Thus where proceedings are necessary to test the validity of an alleged charitable gift, (See e.g. Kirkbank v Hudson (1819) 7 Price 212), even where the class to benefit is a foreign community,(See Re Love, Naper v Barlow [1932] WN 17 (gift for benefit of parishes in Republic of Ireland: Attorney General of the Republic held not to be a proper party and struck out; Attorney General directed to be added), or to determine whether a claim to the benefit of a charity is properly founded,(Re Magdalen Land Charity, Hastings (1852) 9 Hare 624, where the proceeds of the charity had for many years been applied for other purposes), or to enforce the execution of a charitable purpose, or to remedy abuse or misapplication of charitable funds, or to administer a charity, the Attorney General is generally (Wellbeloved v Jones (1822) 1 Sim & St 40; Ware v Cumberlege (1855) 20 Beav 504; Boughey v Minor [1893] P 181 (compromise). The cases distinguish between gifts for charity generally, which cannot be represented by anyone other than the Attorney General, and cases where there are specified individual charities, when the Attorney General’s presence is not universally necessary. However, if there is a gift to charity trustees and the question is whether the trust is validly established, the persons named as trustees are the proper parties, and it may not be necessary for the Attorney General to be a party: Practice Note [1945] WN 38. See also Re HMF [1976] Ch 33, [1975] 2 All ER 795) a necessary party (Wellbeloved v Jones (1822) 1 Sim & St 40; Christ’s Hospital Governors v A-G (1846) 5 Hare 257 (Attorney General as defendant); Phillips v A-G [1932] WN 100 (dormant fund, raised by subscription; cy-près application; Attorney General as defendant), and is normally the proper claimant. (Strickland v Weldon (1885) 28 Ch D 426 at 430 per Person J; Re Belling, Enfield London Borough Council v Public Trustee [1967] Ch 425, [1967] 1 All ER 105; Hauwell v Barton-upon-Humber UDC [1974] Ch 432, [1973] 2 All ER 1022; but see Baldry v Feintuck [1972] 21 All ER 81, [1972] 1 WLR 552, where the Attorney General was not a party. When appearing on behalf of a charity, the Attorney General is not like an ordinary claimant endeavouring to obtain redress for a private wrong. It is one of his duties to protect the defendant against any hardship which he might suffer at the hands of the relators, e.g. if they mislead him or withhold documents or other necessary information: A-G v Clapham (1853) 10 Hare App II, 1xviii at 1xx per Wood V-C. Although the Attorney General is a proper claimant, he is most often involved as the defendant. Relator proceedings are now rare in practice.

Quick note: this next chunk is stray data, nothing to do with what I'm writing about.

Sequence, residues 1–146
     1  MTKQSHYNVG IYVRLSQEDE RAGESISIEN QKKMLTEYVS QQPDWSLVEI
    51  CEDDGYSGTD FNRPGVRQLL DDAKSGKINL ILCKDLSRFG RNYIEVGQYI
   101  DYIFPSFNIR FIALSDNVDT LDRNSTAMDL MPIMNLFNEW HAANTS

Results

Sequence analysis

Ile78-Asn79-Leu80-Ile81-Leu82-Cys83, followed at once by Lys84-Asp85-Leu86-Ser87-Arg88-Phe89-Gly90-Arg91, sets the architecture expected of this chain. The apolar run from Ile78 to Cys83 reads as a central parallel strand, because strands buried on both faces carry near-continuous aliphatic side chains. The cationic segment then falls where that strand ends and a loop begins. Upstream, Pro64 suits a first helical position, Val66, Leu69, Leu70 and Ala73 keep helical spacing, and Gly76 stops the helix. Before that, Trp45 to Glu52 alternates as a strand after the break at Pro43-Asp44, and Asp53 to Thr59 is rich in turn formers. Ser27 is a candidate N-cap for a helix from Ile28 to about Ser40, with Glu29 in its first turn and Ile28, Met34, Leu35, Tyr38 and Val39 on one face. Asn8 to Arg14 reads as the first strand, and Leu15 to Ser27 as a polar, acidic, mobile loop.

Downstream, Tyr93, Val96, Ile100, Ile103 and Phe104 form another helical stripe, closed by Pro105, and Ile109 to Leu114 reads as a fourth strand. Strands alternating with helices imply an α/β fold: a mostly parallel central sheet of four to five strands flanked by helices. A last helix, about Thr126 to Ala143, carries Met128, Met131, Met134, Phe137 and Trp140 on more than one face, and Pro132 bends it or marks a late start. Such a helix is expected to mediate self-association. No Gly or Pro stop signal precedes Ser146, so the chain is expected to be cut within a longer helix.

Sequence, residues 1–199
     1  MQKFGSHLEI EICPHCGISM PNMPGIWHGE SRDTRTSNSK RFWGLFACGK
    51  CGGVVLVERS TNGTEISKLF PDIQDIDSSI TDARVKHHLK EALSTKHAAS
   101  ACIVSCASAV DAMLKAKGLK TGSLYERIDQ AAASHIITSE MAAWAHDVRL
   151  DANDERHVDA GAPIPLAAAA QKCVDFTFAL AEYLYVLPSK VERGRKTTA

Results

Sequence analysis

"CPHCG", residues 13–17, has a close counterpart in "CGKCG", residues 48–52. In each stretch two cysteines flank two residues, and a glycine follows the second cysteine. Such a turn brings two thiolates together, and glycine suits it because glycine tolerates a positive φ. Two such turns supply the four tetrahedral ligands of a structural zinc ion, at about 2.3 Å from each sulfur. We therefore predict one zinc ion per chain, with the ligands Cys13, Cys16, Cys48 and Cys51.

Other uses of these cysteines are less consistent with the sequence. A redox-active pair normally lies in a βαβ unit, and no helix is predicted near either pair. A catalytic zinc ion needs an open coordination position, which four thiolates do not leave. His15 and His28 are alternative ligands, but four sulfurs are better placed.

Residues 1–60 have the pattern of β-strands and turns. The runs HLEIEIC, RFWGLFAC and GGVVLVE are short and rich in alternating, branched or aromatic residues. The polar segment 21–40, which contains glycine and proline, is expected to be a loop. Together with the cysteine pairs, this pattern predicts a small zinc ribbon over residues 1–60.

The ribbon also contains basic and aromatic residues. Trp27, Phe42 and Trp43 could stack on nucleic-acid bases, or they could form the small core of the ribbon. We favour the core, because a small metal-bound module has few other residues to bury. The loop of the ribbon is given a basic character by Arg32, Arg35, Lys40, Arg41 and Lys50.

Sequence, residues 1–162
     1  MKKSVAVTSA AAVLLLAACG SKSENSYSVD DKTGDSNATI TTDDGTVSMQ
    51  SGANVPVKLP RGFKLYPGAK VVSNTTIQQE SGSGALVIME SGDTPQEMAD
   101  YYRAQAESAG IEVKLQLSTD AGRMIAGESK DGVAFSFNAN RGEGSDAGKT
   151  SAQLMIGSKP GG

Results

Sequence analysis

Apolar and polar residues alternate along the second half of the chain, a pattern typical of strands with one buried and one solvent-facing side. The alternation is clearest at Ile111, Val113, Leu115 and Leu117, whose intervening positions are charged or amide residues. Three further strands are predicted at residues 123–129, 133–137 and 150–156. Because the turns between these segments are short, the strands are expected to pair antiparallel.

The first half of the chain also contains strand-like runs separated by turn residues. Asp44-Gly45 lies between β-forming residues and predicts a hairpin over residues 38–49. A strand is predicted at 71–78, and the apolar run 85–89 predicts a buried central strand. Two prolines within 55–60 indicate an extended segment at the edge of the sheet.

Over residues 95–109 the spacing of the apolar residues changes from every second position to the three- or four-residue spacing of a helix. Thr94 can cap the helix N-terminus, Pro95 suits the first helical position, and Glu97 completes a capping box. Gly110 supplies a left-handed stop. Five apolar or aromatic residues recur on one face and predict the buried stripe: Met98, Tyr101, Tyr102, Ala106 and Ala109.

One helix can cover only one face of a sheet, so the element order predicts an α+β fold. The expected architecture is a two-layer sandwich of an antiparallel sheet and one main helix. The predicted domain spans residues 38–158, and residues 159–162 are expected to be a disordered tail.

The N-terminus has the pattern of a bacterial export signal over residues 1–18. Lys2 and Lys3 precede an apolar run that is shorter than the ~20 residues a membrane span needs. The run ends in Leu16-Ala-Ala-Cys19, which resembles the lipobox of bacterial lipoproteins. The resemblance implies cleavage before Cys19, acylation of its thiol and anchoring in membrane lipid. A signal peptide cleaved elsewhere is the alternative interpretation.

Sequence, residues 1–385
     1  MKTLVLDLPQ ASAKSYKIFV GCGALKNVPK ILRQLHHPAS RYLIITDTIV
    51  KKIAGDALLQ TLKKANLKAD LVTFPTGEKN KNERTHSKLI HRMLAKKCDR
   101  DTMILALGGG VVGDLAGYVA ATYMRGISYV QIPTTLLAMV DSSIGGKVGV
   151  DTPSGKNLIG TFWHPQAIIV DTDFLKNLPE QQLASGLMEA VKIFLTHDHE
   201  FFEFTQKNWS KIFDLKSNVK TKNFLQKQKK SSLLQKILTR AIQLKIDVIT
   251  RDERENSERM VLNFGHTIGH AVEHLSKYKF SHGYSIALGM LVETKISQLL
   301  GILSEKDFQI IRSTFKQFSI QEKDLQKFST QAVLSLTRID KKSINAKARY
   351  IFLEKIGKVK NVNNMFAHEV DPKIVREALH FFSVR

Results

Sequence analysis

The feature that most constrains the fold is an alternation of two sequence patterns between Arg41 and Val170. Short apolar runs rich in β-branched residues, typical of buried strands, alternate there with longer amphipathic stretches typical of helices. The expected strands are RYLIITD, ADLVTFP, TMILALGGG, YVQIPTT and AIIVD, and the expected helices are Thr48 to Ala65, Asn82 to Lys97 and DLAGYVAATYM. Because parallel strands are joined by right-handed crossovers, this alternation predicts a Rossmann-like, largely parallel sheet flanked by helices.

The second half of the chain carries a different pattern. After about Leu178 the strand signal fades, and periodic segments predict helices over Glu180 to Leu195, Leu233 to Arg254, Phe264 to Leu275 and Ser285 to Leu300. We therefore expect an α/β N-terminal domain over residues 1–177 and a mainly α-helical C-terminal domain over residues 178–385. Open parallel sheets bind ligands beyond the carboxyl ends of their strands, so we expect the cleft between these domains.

In High Court proceedings for the construction of wills or other documents or by personal representatives for directions, the Attorney General, if a party where a charity is concerned, is usually made a defendant: see e.g. Re Lawton, Gartside v A-G [1936] 3 All ER 378 (question whether bequest should lapse or be applied cy-près)).

He represents the beneficial interest, in other words the objects, of the charity.(A-G v Brodie (1846) 6 Moo PCC 12; A-G v Bishop of Worcester (1851) 9 Hare 328 at 361 per Turner V-C; Ware v Cumberlege (1855) 20 Beav 503; Re Sekeford’s Charity (1861) 5 LT 488. See also Brooks v Richardson [1986] 1 All ER 952, [1986] 1 WLR 385). Even if all the subscribers to a charitable fund are made claimants, a claim for the regulation of the charity is defective unless the Attorney General is also a party. (Stickland v Weldon (1885) 28 ChD 426. See also Minn v Stant (1851) 15 Beav 49, where, for a special transaction, it was held that the subscribers were necessary parties; but see Baldry v Feintuck [1972] 2 All ER 81, [1972] 1 WLR 552).